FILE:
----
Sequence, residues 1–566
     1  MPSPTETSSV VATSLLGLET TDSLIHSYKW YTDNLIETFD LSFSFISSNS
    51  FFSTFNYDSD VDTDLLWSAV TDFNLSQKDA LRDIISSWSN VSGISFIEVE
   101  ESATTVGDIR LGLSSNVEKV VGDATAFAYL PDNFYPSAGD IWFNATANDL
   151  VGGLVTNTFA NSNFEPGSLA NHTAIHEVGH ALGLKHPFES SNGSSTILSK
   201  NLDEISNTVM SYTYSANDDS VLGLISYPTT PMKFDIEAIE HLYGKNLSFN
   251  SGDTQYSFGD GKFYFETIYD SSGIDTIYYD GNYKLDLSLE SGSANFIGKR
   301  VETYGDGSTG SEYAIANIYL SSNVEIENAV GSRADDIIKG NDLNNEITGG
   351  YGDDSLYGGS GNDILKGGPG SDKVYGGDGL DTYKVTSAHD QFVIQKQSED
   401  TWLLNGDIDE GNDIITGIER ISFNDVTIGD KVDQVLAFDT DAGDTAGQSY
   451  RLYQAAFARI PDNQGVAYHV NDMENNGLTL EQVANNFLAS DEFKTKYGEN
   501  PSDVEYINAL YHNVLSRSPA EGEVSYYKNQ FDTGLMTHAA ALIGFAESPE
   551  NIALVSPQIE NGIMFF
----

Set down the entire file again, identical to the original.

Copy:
Sequence, residues 1–566
     1  MPSPTETSSV VATSLLGLET TDSLIHSYKW YTDNLIETFD LSFSFISSNS
    51  FFSTFNYDSD VDTDLLWSAV TDFNLSQKDA LRDIISSWSN VSGISFIEVE
   101  ESATTVGDIR LGLSSNVEKV VGDATAFAYL PDNFYPSAGD IWFNATANDL
   151  VGGLVTNTFA NSNFEPGSLA NHTAIHEVGH ALGLKHPFES SNGSSTILSK
   201  NLDEISNTVM SYTYSANDDS VLGLISYPTT PMKFDIEAIE HLYGKNLSFN
   251  SGDTQYSFGD GKFYFETIYD SSGIDTIYYD GNYKLDLSLE SGSANFIGKR
   301  VETYGDGSTG SEYAIANIYL SSNVEIENAV GSRADDIIKG NDLNNEITGG
   351  YGDDSLYGGS GNDILKGGPG SDKVYGGDGL DTYKVTSAHD QFVIQKQSED
   401  TWLLNGDIDE GNDIITGIER ISFNDVTIGD KVDQVLAFDT DAGDTAGQSY
   451  RLYQAAFARI PDNQGVAYHV NDMENNGLTL EQVANNFLAS DEFKTKYGEN
   501  PSDVEYINAL YHNVLSRSPA EGEVSYYKNQ FDTGLMTHAA ALIGFAESPE
   551  NIALVSPQIE NGIMFF